I think about it all the time. While I’m driving, praying, eating. I guess I can call it one of my little obsessions. It is the question, “How can we get more people involved in church life.
Well, understand I am not the only person on this church asking that same question. We as a whole are not the only church asking that question. As a person who needs to know the facts, I have turned to a group of researchers who have already explored these questions. They are called The Barna Group. In its 30-year history, Barna Group has conducted more than one million interviews over the course of hundreds of studies, and has become a go-to source for insights about faith and culture, leadership and vocation, and generations. Barna Group has carefully and strategically tracked the role of faith in America, developing one of the nation’s most comprehensive databases of spiritual indicators. Barna Group has worked with thousands of business, nonprofit organizations and churches across the U.S. and around the world, including many protestant denominations, Catholic parishes, and faith leaders. Some of its notable clients have included the Salvation Army, World Vision, Compassion, the American Bible Society, and Habitat for Humanity. It has also served mainstream business and non-profit leaders at organizations like Sony, Walden Media, Easter Seals, CARE, the ONE Campaign, the Humane Society, the Gates Foundation, and NBC Universal. The firm’s studies are frequently cited in sermons and talks, and its public opinion research is often quoted in major media outlets such as CNN, USA Today, The Wall Street Journal, Fox News, Chicago Tribune, Huffington Post, the New York Times, Dallas Morning News, and the Los Angeles Times.
Their research always surprises me. Here is a statistic I feel we can work with.
Millennial Non-Christians Show Greater Spiritual Curiosity Than Older Adults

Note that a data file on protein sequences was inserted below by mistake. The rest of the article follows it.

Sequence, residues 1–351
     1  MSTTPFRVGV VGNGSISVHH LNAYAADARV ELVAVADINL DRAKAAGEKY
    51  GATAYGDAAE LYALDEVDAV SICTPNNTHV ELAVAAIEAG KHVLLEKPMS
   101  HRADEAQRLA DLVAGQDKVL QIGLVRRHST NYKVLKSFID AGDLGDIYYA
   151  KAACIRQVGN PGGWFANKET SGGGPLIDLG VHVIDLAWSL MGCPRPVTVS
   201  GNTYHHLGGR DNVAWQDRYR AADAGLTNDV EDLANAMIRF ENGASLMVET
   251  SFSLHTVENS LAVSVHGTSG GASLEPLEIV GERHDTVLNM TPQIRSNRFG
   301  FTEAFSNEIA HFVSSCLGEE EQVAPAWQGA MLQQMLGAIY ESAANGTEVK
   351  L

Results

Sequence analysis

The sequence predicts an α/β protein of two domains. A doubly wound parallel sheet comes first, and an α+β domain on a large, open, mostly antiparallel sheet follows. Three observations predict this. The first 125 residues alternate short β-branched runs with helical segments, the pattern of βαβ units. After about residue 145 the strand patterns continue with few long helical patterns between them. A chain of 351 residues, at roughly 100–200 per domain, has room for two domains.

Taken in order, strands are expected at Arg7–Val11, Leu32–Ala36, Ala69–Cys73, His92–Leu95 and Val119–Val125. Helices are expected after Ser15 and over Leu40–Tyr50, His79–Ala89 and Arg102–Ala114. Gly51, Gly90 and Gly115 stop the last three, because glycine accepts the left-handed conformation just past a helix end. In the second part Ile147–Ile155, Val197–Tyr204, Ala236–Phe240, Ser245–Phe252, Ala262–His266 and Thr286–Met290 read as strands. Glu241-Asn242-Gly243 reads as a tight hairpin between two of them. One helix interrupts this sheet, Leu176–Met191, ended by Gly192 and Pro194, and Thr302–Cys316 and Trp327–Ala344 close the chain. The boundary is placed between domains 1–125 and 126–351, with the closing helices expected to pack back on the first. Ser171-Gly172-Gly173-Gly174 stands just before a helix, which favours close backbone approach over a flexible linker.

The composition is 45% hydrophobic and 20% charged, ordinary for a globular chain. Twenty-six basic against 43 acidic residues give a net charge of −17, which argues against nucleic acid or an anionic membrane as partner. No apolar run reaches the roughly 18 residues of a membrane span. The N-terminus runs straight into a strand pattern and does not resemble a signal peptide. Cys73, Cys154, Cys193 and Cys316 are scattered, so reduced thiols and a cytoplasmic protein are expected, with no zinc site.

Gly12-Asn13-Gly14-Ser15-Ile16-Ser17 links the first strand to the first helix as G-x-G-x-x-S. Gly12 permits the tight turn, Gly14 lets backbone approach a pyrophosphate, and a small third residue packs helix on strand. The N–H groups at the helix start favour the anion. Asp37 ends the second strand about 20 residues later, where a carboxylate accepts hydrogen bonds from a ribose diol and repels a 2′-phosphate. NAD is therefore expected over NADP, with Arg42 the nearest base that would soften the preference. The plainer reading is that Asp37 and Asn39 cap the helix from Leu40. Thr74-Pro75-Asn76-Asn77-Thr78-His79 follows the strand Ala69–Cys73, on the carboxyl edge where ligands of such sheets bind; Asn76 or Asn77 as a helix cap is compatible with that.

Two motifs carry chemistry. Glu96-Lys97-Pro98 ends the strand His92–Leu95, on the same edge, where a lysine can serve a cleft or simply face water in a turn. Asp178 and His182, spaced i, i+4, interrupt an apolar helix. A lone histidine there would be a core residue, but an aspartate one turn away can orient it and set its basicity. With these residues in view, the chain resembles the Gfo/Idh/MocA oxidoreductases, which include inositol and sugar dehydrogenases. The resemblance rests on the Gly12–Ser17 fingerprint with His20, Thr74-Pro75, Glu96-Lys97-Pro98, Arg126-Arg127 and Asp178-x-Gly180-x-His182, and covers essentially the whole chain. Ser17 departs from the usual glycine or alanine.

Despite the growing indifference toward Christianity, especially among young people, there appears to be a spiritual curiosity among Millennials. Barna’s recent report Reviving Evangelism, shows that Millennials report many more faith conversations or even evangelistic encounters than older non-Christians. For at least some young adults, there appears to be deeper interest in spirituality in general, and in Christianity specifically. This statistic appeared as a research release in the magazine Faith and Christianity, 2019.
What is a millennial? According to the US Census Bureau, they were born between 1982 and 2000. They are the largest generation in the workforce because of their birth years. Millennials are the children of the baby boomers and are also called the Generation Y or Gen Y. They possess several qualities and characteristics different from the past generations. And although the characteristics of a millennial varies on the culture and environment, they grew up in; these are the common characteristics of millennials today.
- Millennials are Often Optimistic About the Future
- They Love Social Networking
- They are Tech-Savvy
- They Believe in Work-Life Balance (prioritizing family over work).
- They are Goal-Oriented
- They Want Recognition (feeling valued).
- Millennials Love to Multitask
- They Have an Entrepreneurial Spirit
- They Like Adventures
- They are Educated
I feel these are some great attributes, and I am sure you do also. As you read this list of qualities, imagine them being put to work in our modern day churches. I, along with many others in our church, are serious about considering these characteristics and putting them to work for the good of our world. Our older church folks have so much to share with this generation and they will embrace your thoughts and visions. So look out! Expect some changes at Emmanuel UCC. Changes for the good of all of us.
Yours in Christ,